April 18, 2017
As the NBA regular season races to a finish and teams battle for the final playoff spots, the field for the MVP award narrows down to a select few.
If you talk to just about anyone these days, seems like it is either going to James Harden or Russell Westbrook.
But should it? No one can deny that Westbrook is doing his best impression of a one-man team who occasionally eyes 20/20/20 stat lines and quadruple-doubles. And it’s true that the only thing more overwhelming than James Harden’s beard is the barrage of 3-point shooting and offensive firepower that he leads on the Houston Rockets.
But what voters fail to notice amidst all this flashiness is the silent, imposing form of Kawhi Leonard standing over in the corner.
Leonard is quietly putting up a terrifyingly efficient offensive season that outshines both Harden and Westbrook. At the same time, night-in and night-out, he also frequently guards and shuts down the other team’s best player.
But enough setting the stage, let’s look at some stats.
(Warning, this is going to get fairly geeky so just hold your breath while we dive in.)
To start with, let’s get a gauge of how Leonard stacks up against the two in terms of shooting. However, instead of comparing the traditional statistic of Field-Goal percentage between the three, we’ll look at two more important and illuminating stats; their true shooting percentage and effective field goal percentage. These stats take into account several factors that give a clearer picture of offensive efficiency.
Currently, Kawhi Leonard is posting a stellar 61.7 true shooting percentage while sporting the seventh highest usage rate (which measures what percentage of the time a team’s possession ends with a certain player) in the NBA. These may just seem like the words of a certified stat geek, but the reality is they indicate that Kawhi Leonard manages to maintain a level of consistent offensive prowess that is usually reserved for athletic centers and superhumans named LeBron James.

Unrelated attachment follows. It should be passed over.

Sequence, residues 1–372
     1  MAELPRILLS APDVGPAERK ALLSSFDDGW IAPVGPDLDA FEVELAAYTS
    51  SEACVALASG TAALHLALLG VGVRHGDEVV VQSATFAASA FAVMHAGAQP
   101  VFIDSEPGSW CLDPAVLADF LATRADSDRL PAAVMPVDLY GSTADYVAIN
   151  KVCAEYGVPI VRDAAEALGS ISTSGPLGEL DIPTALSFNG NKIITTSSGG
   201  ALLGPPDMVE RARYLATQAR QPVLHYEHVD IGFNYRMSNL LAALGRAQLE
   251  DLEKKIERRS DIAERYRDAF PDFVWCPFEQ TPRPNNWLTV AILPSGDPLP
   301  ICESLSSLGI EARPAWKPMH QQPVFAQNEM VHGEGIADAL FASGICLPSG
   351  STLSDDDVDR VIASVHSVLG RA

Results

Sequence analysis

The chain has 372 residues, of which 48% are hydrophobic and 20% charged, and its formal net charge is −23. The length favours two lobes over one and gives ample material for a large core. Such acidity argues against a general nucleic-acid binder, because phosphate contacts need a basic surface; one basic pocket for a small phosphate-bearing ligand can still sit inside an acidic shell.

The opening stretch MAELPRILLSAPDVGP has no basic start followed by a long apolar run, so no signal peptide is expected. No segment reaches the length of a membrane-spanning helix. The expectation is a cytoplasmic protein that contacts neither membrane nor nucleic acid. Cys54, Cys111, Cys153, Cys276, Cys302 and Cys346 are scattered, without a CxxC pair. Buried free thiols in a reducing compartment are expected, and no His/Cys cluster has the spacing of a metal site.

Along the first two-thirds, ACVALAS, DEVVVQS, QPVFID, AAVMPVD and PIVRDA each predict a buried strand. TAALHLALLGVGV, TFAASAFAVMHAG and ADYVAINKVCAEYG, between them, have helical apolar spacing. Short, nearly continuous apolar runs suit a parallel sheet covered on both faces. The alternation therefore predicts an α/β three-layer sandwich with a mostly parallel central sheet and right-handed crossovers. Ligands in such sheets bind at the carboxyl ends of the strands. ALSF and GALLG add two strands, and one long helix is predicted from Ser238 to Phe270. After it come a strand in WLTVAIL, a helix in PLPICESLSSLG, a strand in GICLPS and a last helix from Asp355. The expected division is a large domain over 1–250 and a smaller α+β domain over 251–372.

What is even more mind-boggling is that despite having one of the highest usage rates, Leonard is one of the safest playmakers in the NBA because he has one of the lowest turnover percentages amongst league leaders.
But the really impressive thing about Leonard is that he maintains this MVP-caliber level of offensive play all while doing the same on defense, which is something that neither Harden nor Westbrook can come close to saying. The defensive foibles of the latter are noticeable and well-documented.
There are entire videos dedicated to Harden’s frequently apathetic and laissez-faire approach to defense. Westbrook is no more innocent, notorious for his relaxed, carefree jogs back on defense that leave his team scrambling to defend as 4 vs. 5.
Kawhi Leonard is unparalleled as a two-way player in today’s game. Kawhi will never stoop to arrogance, but he doesn’t have to. His play speaks for itself.
In the end, with regards to the MVP race, will efficiency and advanced stats triumph over triple-doubles and three-pointers? Probably not. But come June we’ll see how things stack up when the real prize, the NBA championship, is on the line.
Contact Matthew Russell at firstname.lastname@example.org.